In apportioning blame for the fall from grace of Leyton Orient, it’s easy to pin everything on Francesco Becchetti, and it’s far from wrong to do so, for a lion’s share of it, at least. He is the owner of the business. Ultimate responsibility rests at his door. Taking ownership of a football club isn’t just a matter of taking control of a business. It’s also a matter of taking custodianship of a cornerstone of a community. It carries with it a set of responsibilities far greater than merely balancing the books of a company. He has been found to be woefully inept, and the sooner the club is rid of both him and his entourage, the better.

But blame for what has happened to this football club shouldn’t and mustn’t rest entirely with Francesco Becchetti. In its broadest sense, it rests with an entire culture which presumes that someone with no prior connection to a football club pitching up with grand promises is A Good Thing. It rests with those who have excused his actions and behaviour every step of the way, whatever their reasons for doing so may have been. And more than anyone else, it rests with the Football Association and the Football League, governing bodies that haven’t governed, regulators who haven’t regulated, organisations whose silence as Leyton Orient conflagrated before their very eyes was deafening.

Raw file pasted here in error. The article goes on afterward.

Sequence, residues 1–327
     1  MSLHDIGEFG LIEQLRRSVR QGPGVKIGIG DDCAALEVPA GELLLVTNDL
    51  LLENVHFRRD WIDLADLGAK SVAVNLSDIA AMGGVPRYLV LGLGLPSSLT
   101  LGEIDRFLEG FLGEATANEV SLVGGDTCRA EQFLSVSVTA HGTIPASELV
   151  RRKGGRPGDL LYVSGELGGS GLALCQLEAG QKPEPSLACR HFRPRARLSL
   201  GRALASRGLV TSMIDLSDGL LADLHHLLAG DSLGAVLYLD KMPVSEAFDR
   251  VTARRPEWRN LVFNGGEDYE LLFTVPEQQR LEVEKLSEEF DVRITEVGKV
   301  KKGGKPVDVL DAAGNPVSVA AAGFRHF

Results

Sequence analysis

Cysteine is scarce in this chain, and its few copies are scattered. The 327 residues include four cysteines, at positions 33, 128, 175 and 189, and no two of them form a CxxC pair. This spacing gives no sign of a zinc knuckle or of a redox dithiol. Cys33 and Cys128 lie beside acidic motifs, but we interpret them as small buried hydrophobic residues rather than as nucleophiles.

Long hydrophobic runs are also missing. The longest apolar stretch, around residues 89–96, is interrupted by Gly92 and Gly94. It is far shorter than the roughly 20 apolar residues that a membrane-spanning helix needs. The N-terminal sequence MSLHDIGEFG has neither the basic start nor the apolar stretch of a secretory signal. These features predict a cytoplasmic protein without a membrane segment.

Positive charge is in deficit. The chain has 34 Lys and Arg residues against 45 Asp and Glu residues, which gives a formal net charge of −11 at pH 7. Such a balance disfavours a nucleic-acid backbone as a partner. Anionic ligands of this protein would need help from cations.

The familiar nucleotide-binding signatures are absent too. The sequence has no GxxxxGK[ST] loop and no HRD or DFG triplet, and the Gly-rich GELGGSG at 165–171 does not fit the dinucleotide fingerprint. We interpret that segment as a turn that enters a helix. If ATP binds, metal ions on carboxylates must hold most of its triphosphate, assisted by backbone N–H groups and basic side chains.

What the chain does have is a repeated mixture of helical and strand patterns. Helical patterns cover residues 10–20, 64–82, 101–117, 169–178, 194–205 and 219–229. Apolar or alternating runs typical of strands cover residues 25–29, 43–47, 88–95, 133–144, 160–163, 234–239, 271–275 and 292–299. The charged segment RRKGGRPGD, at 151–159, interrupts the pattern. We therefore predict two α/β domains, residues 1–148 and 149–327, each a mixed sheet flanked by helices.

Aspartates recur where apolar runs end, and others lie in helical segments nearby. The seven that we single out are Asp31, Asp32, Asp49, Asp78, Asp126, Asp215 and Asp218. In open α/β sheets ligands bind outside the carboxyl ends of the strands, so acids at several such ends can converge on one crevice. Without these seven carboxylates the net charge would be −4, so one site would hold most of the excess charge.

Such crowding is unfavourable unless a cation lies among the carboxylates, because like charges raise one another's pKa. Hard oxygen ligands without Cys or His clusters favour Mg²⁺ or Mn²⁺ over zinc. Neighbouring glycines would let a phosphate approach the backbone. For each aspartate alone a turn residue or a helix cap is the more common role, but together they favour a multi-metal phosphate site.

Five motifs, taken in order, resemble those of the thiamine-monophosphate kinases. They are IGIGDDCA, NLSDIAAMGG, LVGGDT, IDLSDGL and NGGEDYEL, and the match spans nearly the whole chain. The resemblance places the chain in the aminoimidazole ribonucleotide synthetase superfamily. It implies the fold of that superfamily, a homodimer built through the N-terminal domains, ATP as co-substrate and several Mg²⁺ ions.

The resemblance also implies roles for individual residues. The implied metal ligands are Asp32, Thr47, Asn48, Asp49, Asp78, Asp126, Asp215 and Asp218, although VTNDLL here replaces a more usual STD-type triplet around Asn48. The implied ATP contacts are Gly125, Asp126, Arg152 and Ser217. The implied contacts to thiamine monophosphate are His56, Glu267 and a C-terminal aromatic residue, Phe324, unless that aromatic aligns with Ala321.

We have warned, and warned, and warned that the rules in place were not fit for purpose, and those warnings have fallen upon deaf ears. If nothing else, then even as much as we know about what has happened to Leyton Orient under the incompetent ownership of Francesco Becchetti can only be seen as a failure of English football governance as a whole. Some may have considered this little more than an accident that could have been avoided, but with the benefit of hindsight it actually now feels more like one that was waiting to happen all along.